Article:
Baltimore officer who drove police van in which Freddie Gray was found fatally hurt cleared of 21 administrative charges
An Al Jazeera investigation reveals information about a corrupt unit of the Baltimore Police Department (BPD) that was allowed to continue operating in spite of grievious violations for at least a decade.
In The Gang Within: A Baltimore Police Scandal, Al Jazeera’s Fault Lines spoke to the city’s former police commissioner and other high-ranking police officials who explain that an obsession with arrests and statistics blinded the department to the illegal dealings of members of the now-defunct Gun Trace Task Force unit.
“This police department had a Viking-like mentality. Police officers were told to go out and get arrests, get guns, get drugs … and their worth was judged by the amount of those things that they brought back to the table,” Kevin Davis, former BPD Commissioner, told Fault Lines.
Detective Jemell Rayam and Sergeant Wayne Jenkins, along with four other detectives, pleaded guilty last year to racketeering conspiracy and other charges after the FBI arrested nearly every member of the Gun Trace Task Force unit in March 2017. Two other officers were convicted of several federal charges.
“The Feds [finally caught them] and that’s scary because if an outside agency didn’t stop it, they’d still be out there,” Josh Insley, a Baltimore civil rights attorney who received a confidential Internal Affairs file from a whistle-blower, told Al Jazeera.
For years, the plain-clothes officers from the unit were able to operate with impunity in part because of the way police complaints are investigated in Baltimore and cities around the US.
In Maryland and 22 other US states, an officer’s disciplinary record is kept confidential. Misconduct investigations are secret and are carried out by the Internal Affairs Division.
Former head of the BPD’s Internal Affairs Division, Rodney Hill, told Fault Lines that “I’d heard his [Jenkins] name many times and I’d heard that these guys are doing some really shady things.”
According to Hill, he recommended that Jenkins got demoted but one of the department’s highest-ranking officials overruled him, so Jenkins stayed on the streets.
When asked whether he believed Jenkins and other officers involved had been given a “free pass”, Hill confirmed, “Yes, I would say that.”
Fault Lines examined leaked confidential disciplinary files that reveal Rayam was investigated nearly a decade ago for robbery, but the department kept him on the street.
According to the files, BPD’s Internal Affairs investigated Rayam for the roadside robbery of Baltimore resident Gary Brown in 2009. Although the detective was caught in a series of lies, Rayam was eventually cleared of wrongdoing by a panel of his own officers. He returned to the streets for another nine years before the FBI caught up with him.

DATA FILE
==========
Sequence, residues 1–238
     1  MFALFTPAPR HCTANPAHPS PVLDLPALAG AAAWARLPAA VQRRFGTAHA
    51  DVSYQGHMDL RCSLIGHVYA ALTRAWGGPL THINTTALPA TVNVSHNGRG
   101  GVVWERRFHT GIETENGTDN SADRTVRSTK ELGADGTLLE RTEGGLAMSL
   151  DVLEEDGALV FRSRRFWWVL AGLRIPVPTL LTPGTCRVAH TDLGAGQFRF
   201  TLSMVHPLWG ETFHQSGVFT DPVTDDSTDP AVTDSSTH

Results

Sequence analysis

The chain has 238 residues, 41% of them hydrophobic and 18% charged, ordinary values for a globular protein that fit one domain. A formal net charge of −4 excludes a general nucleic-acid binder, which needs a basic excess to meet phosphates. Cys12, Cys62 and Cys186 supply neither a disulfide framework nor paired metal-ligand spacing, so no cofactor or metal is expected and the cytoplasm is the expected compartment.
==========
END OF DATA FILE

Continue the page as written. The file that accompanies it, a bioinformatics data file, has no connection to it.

“It’s like getting caught tiptoeing out of the window with the mask and the bag with the dollar sign on it out of the crime scene, and that’s still not enough. Then, what is? You know what, getting indicted by the feds. That is. That’s the only stopgap, is to be so notorious that the actual US Attorney’s Office has to come in and indict you off the street,” Insley said.
The scandal threatens to undermine reform efforts and a federal investigation into the death of 25-year-old Freddie Gray, who died while in police custody in 2015, setting off mass protests and exposing the deep divisions between Baltimore’s police department and the community.
“Officers are actually public servants, they have the public trust, and they are there to protect and serve the public,” said Jill Carter, a Maryland state senator who is also a leader in legislative efforts to create more transparency and oversight of Baltimore’s Internal Affairs division.
“And so, when they violate the public or are accused of violating the public, it’s something the public should know,” she told Al Jazeera.
After the 2015 protests, the Department of Justice began a civil rights investigation into policing in Baltimore. They found that police routinely violated people’s rights, adding that BPD’s Internal Affairs had enabled those abuses.
Senator Carter added that the impunity reaches far beyond the Baltimore police.
“This is not something that just exists here in Baltimore, but this whole giving additional or extra deference to law enforcement, treating law enforcement as if they are above the law, above the people – it’s a culture, it’s a mentality,” Carter told Al Jazeera.
“This is not just a matter of a few bad apples. This is a culture of corruption that has been allowed to exist.”